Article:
under the first contract made with the
St. Paul, Minnesota & Manitoba Rail
road Company, July 17, 1880, Ireland
was not the purchaser, but that under
the second contract, adopted March 30,
1883, he was the purchaser. Accord
ingly the lands covered by the first
contraot will not go to Ireland, while
he will receive those covered by the
second cont ft.'t.
Reported Murder of Spanish Officers.
Labaun, Island of Labaun, British
Borneo, Jan. 24. She steamer Labaun,
which has returned from the island of
Palawan, in the southwestern portion
of the Philippine archipelago, reports
that the Spanish governor of the island
and a number of Spanish officers were
rmirdered by the natives while issuing
from church. The natives then re
tired to the hills, taking, the women
and children and some men as prison
ers. Killed in a Mine. ,
Baker City, Or.. Jan. 24. S. W.
Johnson was instantly killed by a pre
mature blast of giant powder in the
May Queen mine, near the Red Boy
mine, today. Johnson was aged 47
years, and lately came from Indiana.
His wife is at the May Queen mine,
and he left two brothers and other rel
atives in Indiana.
Memorial Tablet to Bagley.
Annapolis, Md., Jan. 24. The
memorial tablet placed in tho naval
academv chapel in memory of Ensign
Worth Bagley, who was killed on the
Winslow off Cardenas in-the late war,
was unveiled today in the presence of
a large number of naval officers and
London, Jan. 24. Tha Daily News
editorially today says: "The Clayton
Bulwer treaty is a singular document,
signed by a weak American, adminis
tration in peculiar circumstances, and
for Lord Salisbury to insist upon its
unconditional observance now would be
neither gracious nor wise."
A Denial From Rome.
Rome, Jan. 24. The Tribune an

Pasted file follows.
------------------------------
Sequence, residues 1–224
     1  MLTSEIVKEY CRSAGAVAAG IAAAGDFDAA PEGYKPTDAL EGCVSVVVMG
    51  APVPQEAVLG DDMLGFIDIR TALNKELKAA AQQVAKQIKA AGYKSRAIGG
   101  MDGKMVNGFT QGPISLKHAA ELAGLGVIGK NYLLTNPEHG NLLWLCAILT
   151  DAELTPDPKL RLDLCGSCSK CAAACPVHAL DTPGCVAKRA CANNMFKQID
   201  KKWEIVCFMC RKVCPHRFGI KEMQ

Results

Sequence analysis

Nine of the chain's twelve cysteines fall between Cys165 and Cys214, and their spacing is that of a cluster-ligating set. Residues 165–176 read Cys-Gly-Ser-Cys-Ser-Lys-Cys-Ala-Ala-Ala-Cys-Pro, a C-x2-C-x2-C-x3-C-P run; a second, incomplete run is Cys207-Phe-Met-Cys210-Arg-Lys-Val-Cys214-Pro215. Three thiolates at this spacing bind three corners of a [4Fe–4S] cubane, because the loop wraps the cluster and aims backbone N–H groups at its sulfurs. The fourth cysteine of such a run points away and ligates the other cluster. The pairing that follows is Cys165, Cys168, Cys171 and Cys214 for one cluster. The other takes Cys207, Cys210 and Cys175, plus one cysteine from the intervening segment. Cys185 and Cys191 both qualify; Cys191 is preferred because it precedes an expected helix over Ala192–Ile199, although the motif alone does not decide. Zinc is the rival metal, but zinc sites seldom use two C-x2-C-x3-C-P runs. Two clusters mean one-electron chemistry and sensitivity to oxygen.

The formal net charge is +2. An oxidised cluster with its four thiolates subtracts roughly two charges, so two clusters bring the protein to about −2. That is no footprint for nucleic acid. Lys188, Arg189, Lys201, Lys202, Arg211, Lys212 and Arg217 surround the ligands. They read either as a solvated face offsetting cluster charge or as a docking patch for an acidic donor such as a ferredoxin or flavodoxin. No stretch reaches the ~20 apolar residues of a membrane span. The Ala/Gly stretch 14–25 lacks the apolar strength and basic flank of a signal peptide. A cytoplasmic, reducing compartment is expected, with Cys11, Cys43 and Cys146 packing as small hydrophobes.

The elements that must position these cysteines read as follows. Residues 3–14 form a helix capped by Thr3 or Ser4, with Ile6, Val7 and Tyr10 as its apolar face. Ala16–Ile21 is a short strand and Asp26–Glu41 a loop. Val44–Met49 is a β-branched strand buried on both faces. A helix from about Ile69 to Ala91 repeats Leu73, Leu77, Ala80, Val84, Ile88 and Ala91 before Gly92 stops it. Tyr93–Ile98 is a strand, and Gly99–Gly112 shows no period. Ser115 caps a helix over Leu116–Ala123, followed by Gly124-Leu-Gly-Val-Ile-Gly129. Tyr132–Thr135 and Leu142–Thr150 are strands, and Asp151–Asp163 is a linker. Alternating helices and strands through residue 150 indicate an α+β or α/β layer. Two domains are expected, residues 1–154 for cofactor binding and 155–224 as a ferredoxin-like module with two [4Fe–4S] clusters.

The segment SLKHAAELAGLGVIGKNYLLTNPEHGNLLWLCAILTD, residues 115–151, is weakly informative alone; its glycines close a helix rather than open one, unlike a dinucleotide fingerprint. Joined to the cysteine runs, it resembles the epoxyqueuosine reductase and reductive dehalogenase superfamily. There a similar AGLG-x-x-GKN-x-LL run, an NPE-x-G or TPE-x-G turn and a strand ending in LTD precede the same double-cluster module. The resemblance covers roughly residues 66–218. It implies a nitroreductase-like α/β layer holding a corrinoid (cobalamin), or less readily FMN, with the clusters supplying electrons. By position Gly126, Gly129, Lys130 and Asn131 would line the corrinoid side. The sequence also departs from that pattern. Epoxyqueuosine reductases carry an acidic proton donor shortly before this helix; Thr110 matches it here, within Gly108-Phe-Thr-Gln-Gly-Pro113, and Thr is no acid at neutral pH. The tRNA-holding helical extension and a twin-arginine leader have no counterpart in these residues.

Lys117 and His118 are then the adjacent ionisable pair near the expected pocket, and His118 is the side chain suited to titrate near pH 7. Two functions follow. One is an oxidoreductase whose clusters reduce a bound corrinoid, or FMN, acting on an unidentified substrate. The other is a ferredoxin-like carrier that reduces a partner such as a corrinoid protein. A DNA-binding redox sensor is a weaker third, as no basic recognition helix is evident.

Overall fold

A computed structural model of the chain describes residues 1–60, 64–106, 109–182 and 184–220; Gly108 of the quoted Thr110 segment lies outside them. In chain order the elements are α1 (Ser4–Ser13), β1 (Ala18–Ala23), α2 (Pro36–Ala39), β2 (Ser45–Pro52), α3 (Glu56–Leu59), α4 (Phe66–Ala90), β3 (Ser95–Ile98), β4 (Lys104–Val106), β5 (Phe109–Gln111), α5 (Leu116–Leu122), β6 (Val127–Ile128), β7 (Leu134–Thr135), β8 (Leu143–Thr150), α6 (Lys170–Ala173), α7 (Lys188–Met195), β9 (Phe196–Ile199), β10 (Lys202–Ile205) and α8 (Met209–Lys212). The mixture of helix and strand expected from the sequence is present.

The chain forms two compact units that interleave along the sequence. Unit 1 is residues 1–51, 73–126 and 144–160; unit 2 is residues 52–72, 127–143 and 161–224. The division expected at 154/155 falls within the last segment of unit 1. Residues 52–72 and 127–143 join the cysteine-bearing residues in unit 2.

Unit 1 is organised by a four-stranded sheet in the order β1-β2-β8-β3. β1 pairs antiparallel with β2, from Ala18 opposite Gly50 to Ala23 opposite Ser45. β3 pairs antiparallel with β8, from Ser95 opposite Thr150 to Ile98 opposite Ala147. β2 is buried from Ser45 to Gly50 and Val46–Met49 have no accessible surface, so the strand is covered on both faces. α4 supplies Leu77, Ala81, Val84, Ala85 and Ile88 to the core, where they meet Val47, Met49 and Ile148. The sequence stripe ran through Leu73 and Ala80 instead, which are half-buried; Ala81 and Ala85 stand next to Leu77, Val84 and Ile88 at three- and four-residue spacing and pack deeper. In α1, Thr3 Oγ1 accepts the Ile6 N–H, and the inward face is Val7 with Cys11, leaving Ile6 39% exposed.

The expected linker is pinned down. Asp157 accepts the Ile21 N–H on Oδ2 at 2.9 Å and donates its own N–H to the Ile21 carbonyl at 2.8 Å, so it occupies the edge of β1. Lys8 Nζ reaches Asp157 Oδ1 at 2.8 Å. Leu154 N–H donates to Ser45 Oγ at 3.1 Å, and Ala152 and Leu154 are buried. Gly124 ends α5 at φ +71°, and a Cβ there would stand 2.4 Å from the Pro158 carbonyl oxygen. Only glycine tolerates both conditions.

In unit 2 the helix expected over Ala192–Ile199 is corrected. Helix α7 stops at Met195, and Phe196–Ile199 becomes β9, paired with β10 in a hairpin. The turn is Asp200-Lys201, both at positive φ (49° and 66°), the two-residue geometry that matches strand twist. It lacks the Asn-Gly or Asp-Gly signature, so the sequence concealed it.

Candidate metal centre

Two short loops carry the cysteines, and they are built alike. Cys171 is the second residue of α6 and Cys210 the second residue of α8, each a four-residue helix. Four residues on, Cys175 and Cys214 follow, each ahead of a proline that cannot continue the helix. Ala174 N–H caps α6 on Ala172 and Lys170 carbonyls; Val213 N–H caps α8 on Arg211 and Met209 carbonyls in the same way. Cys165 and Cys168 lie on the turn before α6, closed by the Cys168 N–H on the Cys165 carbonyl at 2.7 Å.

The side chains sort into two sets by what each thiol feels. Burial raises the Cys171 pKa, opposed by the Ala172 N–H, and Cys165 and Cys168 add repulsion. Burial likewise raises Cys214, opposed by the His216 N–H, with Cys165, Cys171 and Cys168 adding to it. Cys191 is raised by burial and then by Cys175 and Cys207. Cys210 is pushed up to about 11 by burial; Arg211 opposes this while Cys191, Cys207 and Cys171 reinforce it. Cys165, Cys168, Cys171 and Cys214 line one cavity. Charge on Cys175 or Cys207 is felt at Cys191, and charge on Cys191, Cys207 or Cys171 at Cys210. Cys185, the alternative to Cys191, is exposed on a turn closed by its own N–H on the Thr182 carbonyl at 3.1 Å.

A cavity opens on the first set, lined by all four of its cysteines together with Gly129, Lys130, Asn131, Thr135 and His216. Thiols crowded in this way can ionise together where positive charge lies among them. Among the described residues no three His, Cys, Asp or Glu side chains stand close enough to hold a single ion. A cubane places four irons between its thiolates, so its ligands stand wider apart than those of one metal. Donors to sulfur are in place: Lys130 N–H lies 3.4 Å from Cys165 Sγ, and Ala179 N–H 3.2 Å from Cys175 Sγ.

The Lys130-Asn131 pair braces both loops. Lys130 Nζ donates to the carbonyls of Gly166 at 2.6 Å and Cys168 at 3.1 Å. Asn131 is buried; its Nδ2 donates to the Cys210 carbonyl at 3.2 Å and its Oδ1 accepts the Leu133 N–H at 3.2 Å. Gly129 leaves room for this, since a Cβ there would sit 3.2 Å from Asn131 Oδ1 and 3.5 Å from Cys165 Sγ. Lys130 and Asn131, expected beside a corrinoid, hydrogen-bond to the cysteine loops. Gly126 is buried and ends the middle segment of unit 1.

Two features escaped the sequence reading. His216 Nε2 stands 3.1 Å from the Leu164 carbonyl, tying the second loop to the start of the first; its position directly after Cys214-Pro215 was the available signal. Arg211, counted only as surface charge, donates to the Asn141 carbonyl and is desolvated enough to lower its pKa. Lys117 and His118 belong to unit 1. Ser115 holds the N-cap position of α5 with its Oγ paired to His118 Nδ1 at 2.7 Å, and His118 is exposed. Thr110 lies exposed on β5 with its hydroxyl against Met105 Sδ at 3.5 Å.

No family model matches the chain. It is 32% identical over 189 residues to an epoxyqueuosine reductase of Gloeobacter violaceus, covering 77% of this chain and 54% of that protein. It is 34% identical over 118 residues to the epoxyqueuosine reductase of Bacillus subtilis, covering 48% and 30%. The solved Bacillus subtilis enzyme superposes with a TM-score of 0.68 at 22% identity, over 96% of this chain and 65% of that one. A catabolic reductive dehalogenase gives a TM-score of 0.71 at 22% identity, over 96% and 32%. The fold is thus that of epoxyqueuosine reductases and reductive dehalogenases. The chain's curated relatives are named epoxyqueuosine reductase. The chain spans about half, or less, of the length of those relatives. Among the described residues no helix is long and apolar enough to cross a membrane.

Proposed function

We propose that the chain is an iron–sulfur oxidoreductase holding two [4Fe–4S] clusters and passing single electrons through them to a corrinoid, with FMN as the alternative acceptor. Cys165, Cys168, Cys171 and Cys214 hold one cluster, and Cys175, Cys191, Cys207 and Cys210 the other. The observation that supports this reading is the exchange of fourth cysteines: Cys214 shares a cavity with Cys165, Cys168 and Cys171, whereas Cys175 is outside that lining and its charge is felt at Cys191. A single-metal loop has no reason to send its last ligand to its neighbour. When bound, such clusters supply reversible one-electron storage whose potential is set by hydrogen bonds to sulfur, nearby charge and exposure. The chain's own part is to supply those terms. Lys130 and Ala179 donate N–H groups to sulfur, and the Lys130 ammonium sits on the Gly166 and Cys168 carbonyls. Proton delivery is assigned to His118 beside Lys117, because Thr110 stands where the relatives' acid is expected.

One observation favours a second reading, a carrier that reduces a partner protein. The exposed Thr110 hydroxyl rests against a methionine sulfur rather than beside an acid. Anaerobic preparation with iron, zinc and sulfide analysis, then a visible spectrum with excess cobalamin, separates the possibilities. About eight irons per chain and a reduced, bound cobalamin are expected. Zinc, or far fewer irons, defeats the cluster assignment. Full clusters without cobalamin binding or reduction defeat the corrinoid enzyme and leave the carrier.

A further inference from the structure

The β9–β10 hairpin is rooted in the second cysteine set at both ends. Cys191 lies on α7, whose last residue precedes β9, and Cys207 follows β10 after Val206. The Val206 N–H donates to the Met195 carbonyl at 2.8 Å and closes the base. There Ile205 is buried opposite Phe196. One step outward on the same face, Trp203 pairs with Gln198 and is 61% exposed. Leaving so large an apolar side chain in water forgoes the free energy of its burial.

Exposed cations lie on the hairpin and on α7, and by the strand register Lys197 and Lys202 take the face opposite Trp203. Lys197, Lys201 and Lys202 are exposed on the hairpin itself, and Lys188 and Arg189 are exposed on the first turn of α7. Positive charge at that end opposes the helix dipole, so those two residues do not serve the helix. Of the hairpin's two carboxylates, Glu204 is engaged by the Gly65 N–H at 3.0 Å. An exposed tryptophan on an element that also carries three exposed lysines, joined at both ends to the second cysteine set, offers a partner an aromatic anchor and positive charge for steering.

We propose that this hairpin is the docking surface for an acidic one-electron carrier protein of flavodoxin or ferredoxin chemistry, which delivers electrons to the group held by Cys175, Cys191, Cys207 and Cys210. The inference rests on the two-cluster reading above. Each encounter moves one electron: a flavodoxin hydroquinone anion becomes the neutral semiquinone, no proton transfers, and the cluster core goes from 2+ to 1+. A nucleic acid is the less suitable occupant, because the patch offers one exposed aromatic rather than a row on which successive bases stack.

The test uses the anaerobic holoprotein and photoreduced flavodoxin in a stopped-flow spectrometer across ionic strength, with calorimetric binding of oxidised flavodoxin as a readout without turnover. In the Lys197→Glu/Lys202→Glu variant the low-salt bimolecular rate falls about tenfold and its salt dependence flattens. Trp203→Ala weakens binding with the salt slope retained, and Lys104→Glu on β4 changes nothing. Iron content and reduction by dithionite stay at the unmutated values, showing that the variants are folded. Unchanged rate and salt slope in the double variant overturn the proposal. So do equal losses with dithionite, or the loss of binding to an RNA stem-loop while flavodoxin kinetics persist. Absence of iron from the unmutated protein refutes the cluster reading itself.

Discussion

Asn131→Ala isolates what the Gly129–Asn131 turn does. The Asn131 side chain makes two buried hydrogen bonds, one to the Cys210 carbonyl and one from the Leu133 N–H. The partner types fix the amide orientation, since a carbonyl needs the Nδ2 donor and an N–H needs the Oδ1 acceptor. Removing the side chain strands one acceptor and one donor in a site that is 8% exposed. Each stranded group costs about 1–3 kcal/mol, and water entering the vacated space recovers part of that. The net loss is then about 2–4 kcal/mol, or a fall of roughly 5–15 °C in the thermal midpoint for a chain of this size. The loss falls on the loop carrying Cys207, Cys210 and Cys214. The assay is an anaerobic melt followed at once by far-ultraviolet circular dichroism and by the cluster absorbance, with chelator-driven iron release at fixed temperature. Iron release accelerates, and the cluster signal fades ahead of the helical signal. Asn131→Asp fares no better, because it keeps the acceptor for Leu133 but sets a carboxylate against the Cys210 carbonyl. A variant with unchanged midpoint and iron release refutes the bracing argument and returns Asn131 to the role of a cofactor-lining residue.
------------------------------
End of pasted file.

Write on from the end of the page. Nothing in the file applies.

nounces that the Italian cruisers Elba
and Etna are shortly going to China,
but that the rumor of the Italian gov
ernment's intention to seize a Chinese
port is premature.
Schley Given a Sword.
New York, Jan. 25. Rear-Admiral
Schley was presented tonight witn a
jeweled sword by his brother members
of the Royal Arcanum at Carnegie Mu
sic hall, in the presence of 4,000 per
sons. More Troops for Cuba.
Savannah Oa .Tan 51 Tlin TTniloil
States transport Manitoba Bailed today
for Havana. She had on board six
troops of the Seventh cavalry, which
arrived this morning from Macon.
TROUBLE IS IMMINENT
"President" Lopez Replies to
AMERICANS CLOSELY ON GUARD
Lope Says the Revolutionary Govern
ment Antedates the Paris Treaty
by Two Years.
Manila, Jan. 24. President Lopez
of the Visayan federation, has replied
to President McKinlev's proclamation
of the 9th. Ho claims that the revolu
tionary government antedates the Paris
treaty by over two years. He says he
has never been officially notified of the
existence of the treaty, and that there
fore he declines to recognize American
authoiity, and refuses to allow Ameri
cans to disembaik in force, without ex
press orders from the government nt
Malolos. General Miller, the com
mander of the American expedition,
replied that the Americans cannot rec
ognize President Lopez's authority, be
cause the Filipino republic is not rec
ognized by the powers. , He .also ex
pressed regret at the determination of
the Filipinos to resist just claims.
Miller's Troops Landed.
New York, Jan. 24. A special to '
the World from Washington says:
General Miller's expedition has landed
on Guimaras island, three miles from
Ho Ho, without opposition, General
Otis cables from Manila. Landing was
necessary because of the crowded con
dition of the troops on the transports.
Experience has proved that soldiers